In this part I will share with you some of the interesting insights and comments from Levitt on this experiences in raising funding in the Valley. The trigger for the interview series was Tripbase securing $2 million in series A funding.
Tripbase is not the first time the Levitt has raised money for start-ups. In his last venture he raised $12 million through the "usual" VC routes. I asked him what advice he would have for other start-ups looking for cash. Here are his top three tips:
- Build a prototype before you do anything else: To attract the two key elements to success (people and money) a start-up needs to build a proof of concept as quickly as possible. The fastest way to do that is to use open source technologies. It is very important to get "30%-50% of the way" to a product before looking for money. Levitt says that a lot of start ups hold back on doing a fast build of a prototype for fear that they will be copied. Levitt's view is that copying is not the area to worry about. He says there is more of a risk in going slow and hidden rather than fast and a little more open.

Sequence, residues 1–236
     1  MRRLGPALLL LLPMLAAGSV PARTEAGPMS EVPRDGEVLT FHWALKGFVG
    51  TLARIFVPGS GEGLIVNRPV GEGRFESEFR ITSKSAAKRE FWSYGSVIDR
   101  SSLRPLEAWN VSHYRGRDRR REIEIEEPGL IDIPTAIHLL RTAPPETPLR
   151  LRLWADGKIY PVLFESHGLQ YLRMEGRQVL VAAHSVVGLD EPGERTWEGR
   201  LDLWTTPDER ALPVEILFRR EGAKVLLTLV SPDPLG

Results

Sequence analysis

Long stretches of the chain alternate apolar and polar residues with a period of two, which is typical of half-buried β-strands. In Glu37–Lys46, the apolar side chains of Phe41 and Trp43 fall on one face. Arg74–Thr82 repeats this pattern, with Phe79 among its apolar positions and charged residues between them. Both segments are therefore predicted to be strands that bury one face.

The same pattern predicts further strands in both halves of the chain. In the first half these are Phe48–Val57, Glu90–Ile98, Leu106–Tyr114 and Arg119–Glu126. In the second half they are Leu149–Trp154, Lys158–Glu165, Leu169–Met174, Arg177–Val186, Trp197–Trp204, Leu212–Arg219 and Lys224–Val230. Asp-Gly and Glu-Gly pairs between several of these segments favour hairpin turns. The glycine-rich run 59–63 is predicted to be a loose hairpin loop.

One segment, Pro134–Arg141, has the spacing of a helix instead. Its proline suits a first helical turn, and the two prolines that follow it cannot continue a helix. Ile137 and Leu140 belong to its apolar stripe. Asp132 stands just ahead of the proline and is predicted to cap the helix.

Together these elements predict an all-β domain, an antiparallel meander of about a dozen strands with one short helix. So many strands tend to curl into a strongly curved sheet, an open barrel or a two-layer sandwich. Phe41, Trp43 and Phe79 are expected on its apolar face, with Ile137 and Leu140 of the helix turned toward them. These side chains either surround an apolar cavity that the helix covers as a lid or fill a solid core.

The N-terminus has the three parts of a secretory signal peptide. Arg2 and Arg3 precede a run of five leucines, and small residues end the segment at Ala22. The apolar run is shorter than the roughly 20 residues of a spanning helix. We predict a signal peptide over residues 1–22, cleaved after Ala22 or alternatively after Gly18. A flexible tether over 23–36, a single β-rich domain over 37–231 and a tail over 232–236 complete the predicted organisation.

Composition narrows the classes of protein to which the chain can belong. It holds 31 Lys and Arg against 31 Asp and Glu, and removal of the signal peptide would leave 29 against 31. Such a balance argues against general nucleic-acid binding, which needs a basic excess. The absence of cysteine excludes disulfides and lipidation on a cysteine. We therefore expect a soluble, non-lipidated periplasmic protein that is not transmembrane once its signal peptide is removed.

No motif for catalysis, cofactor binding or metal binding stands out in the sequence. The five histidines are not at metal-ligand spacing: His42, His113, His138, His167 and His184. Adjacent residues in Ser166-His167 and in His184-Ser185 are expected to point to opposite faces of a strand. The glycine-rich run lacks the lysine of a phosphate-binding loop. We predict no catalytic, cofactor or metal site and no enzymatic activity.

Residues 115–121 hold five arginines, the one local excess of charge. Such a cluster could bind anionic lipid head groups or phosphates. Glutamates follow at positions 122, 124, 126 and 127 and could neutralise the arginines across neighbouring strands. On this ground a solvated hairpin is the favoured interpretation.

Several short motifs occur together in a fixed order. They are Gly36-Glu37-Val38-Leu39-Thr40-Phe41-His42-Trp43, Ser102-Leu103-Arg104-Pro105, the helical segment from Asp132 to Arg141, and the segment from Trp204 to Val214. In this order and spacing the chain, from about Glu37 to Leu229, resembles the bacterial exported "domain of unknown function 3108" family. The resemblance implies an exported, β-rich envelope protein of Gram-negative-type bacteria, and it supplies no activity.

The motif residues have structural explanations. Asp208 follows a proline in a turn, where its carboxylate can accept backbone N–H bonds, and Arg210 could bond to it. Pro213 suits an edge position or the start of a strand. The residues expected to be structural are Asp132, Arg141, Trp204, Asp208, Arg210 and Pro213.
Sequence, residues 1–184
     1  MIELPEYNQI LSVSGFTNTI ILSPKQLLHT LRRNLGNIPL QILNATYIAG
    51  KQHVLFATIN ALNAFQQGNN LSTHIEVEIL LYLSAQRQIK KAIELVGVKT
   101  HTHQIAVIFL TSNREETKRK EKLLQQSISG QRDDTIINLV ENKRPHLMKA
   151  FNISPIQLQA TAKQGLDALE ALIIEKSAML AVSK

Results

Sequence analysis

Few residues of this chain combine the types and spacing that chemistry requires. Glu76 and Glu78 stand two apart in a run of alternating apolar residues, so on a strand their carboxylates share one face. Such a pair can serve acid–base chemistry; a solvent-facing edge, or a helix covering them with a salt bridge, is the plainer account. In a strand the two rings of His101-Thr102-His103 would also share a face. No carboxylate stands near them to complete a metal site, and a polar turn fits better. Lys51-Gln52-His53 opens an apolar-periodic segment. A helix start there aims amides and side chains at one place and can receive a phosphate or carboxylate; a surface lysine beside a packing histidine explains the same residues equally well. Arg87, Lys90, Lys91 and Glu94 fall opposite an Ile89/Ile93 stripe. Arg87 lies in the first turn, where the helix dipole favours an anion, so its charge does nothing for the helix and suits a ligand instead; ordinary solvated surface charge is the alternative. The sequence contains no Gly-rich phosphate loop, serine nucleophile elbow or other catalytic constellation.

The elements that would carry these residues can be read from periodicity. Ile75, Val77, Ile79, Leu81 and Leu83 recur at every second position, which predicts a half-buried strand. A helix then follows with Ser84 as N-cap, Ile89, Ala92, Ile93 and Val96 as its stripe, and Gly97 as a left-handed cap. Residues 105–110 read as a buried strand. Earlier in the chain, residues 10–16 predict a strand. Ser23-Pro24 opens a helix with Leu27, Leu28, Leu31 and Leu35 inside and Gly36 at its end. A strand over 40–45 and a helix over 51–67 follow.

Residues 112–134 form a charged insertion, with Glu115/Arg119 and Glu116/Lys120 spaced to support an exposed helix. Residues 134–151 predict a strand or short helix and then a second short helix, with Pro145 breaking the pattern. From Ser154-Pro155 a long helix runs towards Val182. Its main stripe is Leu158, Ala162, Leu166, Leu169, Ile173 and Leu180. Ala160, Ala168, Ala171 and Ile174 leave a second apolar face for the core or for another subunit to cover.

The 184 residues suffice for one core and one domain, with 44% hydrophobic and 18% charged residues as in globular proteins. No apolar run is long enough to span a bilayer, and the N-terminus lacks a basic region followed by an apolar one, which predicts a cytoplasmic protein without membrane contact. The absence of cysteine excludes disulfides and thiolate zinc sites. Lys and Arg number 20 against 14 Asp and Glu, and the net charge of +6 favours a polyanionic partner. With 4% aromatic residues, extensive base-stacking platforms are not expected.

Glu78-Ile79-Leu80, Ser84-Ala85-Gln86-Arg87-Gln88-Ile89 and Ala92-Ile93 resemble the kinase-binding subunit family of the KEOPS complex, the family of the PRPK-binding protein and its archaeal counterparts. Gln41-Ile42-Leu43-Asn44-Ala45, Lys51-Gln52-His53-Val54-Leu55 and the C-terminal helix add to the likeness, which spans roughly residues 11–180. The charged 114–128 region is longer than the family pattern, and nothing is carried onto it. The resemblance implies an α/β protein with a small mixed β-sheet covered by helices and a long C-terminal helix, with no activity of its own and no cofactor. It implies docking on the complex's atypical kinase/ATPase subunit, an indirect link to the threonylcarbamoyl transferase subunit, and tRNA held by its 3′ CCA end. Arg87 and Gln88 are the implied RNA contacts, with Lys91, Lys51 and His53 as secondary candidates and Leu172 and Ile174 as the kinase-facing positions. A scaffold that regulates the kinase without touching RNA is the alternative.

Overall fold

- Bootstrapping is critical: Levitt could not over emphasise the importance of being tight with money as a start-up. The phrase he used regularly was "focus on spend". Putting this another way "Start ups do not tcome out of luxury. Investors need to see hunger."; and
- Start-ups often look for funding in the wrong places: Levitt believes that "private people with deep pockets" are the best places to look for funding, rather than VCs. On location, there is "no comparison to being in the Valley" because "by sheer numbers you will meet people". The only draw back of the Valley is that "it is very competitive...lots of people competing for money...lots of options on where to invest".